In the end, we were a bunch of young gamers who had been incredibly lucky and been offered the chance to do it for a living. We wrote for ourselves, and for people just like us. It was another unbelievable stroke of luck that other people like out stuff as well.

    Oh, and the rowdy nobles meme was another sign of the times. Back then, the tabloid press fed hungrily on the antics of boisterous young toffs (chief among them Viscount Charles “Champagne Charlie” Althorpe, Princess Diana’s brother and now Earl Spencer) as they went about wrecking restaurants and de-bagging waiters while Thatcher’s social and economic policies steadily widened the class/wealth gap that had been healing since the end of the War. Phil Gallagher and Carl Sargent had both attended Cambridge University, observing the species in its natural habitat; I had been to Durham, where the “rahs” of University and St. Mary’s colleges were generally regarded as posh kids who weren’t bright enough to get into Oxford or Cambridge. So as well as class strife, there was an element of satire in the way we portrayed the younger members of the Empire’s nobility.

    Funny old world, isn’t it? Worries about loss of national sovereignty and identity, the entitled rich behaving badly – it’s almost as though thirty years haven’t actually passed.

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  2. Enjoyed the analysis but I’d argue that one word is conspicuous by its absence: Tolkien. His writing cast a long shadow on “heroic fantasy” and WFRP can be seen as another (unconscious?) reaction to it. So, instead of AD&D heroes undertaking epic quests, we had WFRP characters moving through careers. That’s quite British middle-class.

    I agree jokes about racial stereotypes are largely avoided but there is an uncomfortable illustration on p67 of WFRP1 hardback linked to the Bribe standard test. And, whilst not jokes per se, it’s worth noting that the illustrations for each career are all white males (very British 1980s). There is one token female (p105) but she’s a slave being held by the throat by a white male Slaver.

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    1. You make a good point about Tolkien. Of the many elements he contributed to WFRP, I suppose there are some that could be considered characteristically British.

      One is again geographic. Although Tolkien might protest otherwise, The Hobbit and The Lord of the Rings are suffused with an idealised notion of the English countryside. Some of this probably filters into most fantasy RPGs.

      A second element is one you highlight: race and gender bias. I may be mistaken, but I think the only black characters in the whole of WFRP1 are the pygmies in WD100, and they are grotesque caricatures. The only other non-white character I can think of is Salladh-bar in Warhammer City.

      Tolkien’s books contain a similar lack of diversity in race and gender. This probably reflected British society in the 1930s and 1940s, when they were written. But it did not reflect British society of the 1980s, which was racially more diverse.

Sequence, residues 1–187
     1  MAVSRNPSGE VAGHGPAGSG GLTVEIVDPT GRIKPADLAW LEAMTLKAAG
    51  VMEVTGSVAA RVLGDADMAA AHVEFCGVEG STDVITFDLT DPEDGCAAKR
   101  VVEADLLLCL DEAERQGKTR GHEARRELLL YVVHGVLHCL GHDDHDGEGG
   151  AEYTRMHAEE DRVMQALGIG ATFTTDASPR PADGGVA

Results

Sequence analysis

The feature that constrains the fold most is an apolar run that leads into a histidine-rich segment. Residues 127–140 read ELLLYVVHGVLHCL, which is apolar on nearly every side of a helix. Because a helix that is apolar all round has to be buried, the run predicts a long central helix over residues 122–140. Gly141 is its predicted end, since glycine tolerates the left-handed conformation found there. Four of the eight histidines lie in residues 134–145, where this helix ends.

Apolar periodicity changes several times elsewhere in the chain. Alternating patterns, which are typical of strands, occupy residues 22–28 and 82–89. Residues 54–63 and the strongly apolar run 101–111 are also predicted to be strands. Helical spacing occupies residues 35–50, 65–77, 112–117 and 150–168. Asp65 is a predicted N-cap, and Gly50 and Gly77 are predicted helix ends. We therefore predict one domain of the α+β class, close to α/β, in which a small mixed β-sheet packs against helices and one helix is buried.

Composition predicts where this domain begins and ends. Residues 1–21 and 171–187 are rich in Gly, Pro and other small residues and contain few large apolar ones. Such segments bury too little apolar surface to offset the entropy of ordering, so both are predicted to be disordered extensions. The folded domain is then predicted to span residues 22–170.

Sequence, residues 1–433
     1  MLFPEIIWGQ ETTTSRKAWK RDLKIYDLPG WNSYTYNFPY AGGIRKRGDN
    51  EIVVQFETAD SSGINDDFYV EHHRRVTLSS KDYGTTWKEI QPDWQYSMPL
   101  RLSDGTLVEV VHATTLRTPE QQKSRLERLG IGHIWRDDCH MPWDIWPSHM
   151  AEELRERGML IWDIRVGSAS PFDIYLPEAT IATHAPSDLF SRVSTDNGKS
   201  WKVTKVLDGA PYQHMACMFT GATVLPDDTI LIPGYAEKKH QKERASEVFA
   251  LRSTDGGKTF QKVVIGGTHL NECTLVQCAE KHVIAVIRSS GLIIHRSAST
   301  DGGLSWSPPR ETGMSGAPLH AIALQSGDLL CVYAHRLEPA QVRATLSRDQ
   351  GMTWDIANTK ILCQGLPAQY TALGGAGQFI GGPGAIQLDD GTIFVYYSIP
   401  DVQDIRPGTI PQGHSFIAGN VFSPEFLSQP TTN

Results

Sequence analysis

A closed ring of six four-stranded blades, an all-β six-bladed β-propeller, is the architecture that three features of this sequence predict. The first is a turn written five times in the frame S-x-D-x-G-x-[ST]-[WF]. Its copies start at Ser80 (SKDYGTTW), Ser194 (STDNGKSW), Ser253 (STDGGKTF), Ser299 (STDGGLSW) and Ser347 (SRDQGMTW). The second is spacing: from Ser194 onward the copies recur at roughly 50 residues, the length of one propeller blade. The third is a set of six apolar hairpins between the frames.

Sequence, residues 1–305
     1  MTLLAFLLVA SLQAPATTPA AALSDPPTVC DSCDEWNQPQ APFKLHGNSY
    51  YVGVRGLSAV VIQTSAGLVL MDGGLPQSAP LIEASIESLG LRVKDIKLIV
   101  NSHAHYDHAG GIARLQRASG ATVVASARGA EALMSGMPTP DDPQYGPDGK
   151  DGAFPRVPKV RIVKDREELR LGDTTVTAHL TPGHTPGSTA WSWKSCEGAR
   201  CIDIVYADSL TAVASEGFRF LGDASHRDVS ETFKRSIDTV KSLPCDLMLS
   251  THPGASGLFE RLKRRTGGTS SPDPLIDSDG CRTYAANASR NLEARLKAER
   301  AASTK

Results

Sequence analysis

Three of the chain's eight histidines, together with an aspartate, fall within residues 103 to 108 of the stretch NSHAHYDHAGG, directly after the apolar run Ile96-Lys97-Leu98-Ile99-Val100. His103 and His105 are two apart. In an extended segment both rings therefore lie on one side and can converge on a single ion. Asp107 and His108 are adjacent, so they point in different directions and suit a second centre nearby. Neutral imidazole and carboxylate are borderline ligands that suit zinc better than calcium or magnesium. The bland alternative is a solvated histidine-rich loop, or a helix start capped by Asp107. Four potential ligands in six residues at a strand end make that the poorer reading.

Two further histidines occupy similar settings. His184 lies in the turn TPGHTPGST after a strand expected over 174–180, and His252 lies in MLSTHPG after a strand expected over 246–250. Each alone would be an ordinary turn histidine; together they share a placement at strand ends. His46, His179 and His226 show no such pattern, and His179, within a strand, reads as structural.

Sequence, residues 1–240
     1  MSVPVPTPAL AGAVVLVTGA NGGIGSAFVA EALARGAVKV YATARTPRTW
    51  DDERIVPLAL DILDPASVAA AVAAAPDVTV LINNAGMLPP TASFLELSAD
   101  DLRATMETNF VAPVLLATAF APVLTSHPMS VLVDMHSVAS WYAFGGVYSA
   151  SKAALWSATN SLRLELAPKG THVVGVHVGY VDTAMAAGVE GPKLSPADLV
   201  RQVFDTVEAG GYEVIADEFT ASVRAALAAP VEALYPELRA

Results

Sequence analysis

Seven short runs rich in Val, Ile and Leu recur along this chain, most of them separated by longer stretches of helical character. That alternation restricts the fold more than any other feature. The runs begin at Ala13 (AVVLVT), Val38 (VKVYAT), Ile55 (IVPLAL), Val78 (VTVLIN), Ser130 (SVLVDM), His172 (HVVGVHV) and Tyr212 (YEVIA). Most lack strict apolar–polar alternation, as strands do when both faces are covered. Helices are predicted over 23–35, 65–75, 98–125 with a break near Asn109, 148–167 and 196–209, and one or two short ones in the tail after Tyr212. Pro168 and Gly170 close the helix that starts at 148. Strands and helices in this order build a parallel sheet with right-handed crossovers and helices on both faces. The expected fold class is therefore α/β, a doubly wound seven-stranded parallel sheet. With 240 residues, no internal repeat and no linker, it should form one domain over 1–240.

It might be suggested that the white-male bias accurately represents historic Renaissance Europe, but I confess to being uncomfortable with it, nonetheless. It feels inappropriate when the racial mix of potential players is very different.

      At least it’s a lot better than the grim racial stereotypes in WFB2. It’s notable that some sections of the WFRP bestiary which take their wording from WFB2 edit out the worst of WFB2’s racial depictions.

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  3. Great post! There is a lot of humour going about in WFRP, is it particularly British tho? The American produced Paranoia RPG (which Ken Rolston wrote for) is full of dark, satirical comedy. It’s all a million miles from Gygaxian prose of AD&D, and the serious business of fantasy gaming.

    With regards ‘Britishness’ have a look at some of the early Citadel Miniatures packaging which feature a British standard bearer – someone had decided that was, worth making a fuss about more than required by various import laws.

    And while there are elements of racist caricature in the presentation of pygmies, I go at some lengths in an article on Warhammer Pygmies to show that The Floating Gardens of Bahb-Elonn may not be as two-dimensional as it might first appear. With relevance to the ‘British’ question, it also does highlights some peculiarly Black-British rather than, say, Afro-American, ideas being played out.

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    1. I think it is a particularly British type of comedy. As far as I am aware, Paranoia features puns, satire and black comedy, but none of the other elements I talk about above (and it lacks the specifically British subjects of the satire). Moreover, Paranoia is an out-and-out comic game. WFRP was part serious, part silly. It’s more debatable whether that is distinctively British, but I think it is, and would cite Wikipedia’s point about a British willingness to find humour even in controversial subjects. But I’d certainly agree that some of the elements I talk about feature in games from other countries, even if I think the particular combination in WFRP is British.